A previous American experiment using French women in this capacity had failed when they proved to be uninterested in the job, and discipline problems had abounded. However, the Signal Corps girls quickly dispelled any doubts about the American women.
One report of the time gave details:
A very busy officer lifted his receiver with a groan at the difficulties he expected before getting in touch with his party. However, when he heard, "Number, please?" in the old familiar way, he was so delighted that he shouted 'Thank God!" so loudly and devoutly that everyone, including the operator, laughed.
On 12 November 1918, the day following the signing of the Armistice, Brig. Gen. E. Russel, the chief signal officer of the American Expeditionary Forces, had nothing but compliments to pay. When he addressed the women, he told them: By your ability, efficiency, devotion to duty and the irreproachable and businesslike conduct of your affairs, personal and official, you have not only justified the action taken in assembling you but have set a standard of excellence which has been responsible for the success of our system of local and long-distance telephone communication.
The vital role the women had played was acknowledged and appreciated; they were "women who accepted hazard without reservation to serve their country." Indeed, in recognition of their "meritorious service," 15 of them received a citation from Gen. Pershing.
The chief operator of the First Unit, Grace Banker, was awarded the Distinguished Service Medal in appreciation for an excellent job. Although the medal was awarded specifically to Grace Banker, the working of the citation was applicable to all 223 women who served:
For exceptionally meritorious and distinguished services ... By untiring devotion to her exacting duties under trying conditions, she did much to assure the success of the telephone service during the operations of the 1st Army against the Saint-Mihiel salient and to the north of Verdun.
No one had more praise for the women, however, than did Black Jack himself. Shortly after the war's conclusion, he commented that "no civil telephone service that ever came under my observation excelled the perfection of ours. The telephone girls in the AEF took great pains and pride in their work and did it with satisfaction to all."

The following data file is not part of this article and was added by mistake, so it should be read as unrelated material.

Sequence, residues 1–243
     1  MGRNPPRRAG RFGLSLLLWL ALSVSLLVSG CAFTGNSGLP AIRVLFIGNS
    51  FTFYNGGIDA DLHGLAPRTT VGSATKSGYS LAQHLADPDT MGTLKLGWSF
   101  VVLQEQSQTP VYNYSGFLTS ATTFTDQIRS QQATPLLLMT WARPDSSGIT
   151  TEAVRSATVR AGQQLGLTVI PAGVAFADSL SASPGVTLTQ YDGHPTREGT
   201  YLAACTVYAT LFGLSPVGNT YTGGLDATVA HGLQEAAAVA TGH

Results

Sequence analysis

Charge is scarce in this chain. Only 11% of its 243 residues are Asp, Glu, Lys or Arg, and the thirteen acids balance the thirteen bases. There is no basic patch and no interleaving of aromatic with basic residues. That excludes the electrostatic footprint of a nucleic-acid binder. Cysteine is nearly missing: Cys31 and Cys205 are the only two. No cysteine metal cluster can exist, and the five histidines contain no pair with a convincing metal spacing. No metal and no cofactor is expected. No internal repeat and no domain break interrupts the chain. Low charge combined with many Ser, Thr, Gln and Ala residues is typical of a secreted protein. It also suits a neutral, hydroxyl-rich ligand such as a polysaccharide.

Gen. Pershing demonstrated his appreciation by holding a reception for the women. According to one guest, it threatened to be a dull party until the general said: "Let's take up the rug and have a little music."
"Black Jack" Pershing danced with most of his guests and was reported to be "some wonderful dancer." One woman concluded that "it turned out to be the most wonderfully jolly party. . . We all lost our hearts to him."
The "switchboard soldiers" soon returned to the United States following the making of peace. Many became engaged in new careers. Others married and had children.
For many, their tour of service brought them recognition in their hometowns. The novelty of their wartime duties greatly interested the editors of local newspapers.
Both the American Legion and Veterans of Foreign Wars granted them membership privileges. Many states gave them bonuses under the state veterans' bonus statutes.
Nevertheless, the women became concerned when, instead of being granted honorable discharges, they received "service termination letters."
The adjutant general, P. C. Harris, was not aware that his orders regarding the recruitment of these women had not been carried out. He had no reason to doubt that the women had signed the contracts required of all civilian employees. He had no idea that they had been sworn in and that they considered themselves to be "members of the Army."
Furthermore, the adjutant general did not realize that the officers in direct command of these women also considered them "enlisted" personnel. Since much of this information was not to come to light until years later, the military establishment had no reason to believe that these women were bona fide members of the Army.
Sixty years after the end of the war in response to the concerted effort by surviving women of the corps, an attorney who donated his services, various lobbying groups, and many prominent individuals, including Sens. Hubert Humphrey (D-Minn.) and Margaret Chase Smith (R-Me.), Reps. Brock Adams (D-Wash.) and Edith Green (D- Ore.), and Gen. Mark W. Clark—the women were finally granted honorable discharges by the Department of Defense in 1979.
By this time, of course, few of the veterans were still alive. Those who were, however, were not bitter about the 60-year fight to obtain military recognition. They were relieved it was over and were pleased that the Signal Corps girls realized their experiences and efforts in the war.
On accepting her discharge, one veteran, Esther Goodall, reminisced: "D'you know, I really felt it was my mission to talk on the telephone. When I was off duty, I sometimes spent the whole night talking on the phone to the boys at the front. I kept thinking it might be their last night."
The all-female Signal Corps Telephone Operators Unit was a select group of brave and dedicated Americans who answered their country's call in time of need. They asked for no favors, and they were granted none.
They expected primitive conditions, and they found them. They understood the importance of their job, and they performed it with unfailing good cheer and devotion. After the war, they returned home, happy in the knowledge that they had been a part of it all. They were "Black Jack's girls." And they did him proud.
Karen L. Hillerich, "'Black Jack's Girls," in Army Magazine, Arlington: Association of the U.S. Army, Vol. 32, No. 12, December 1982.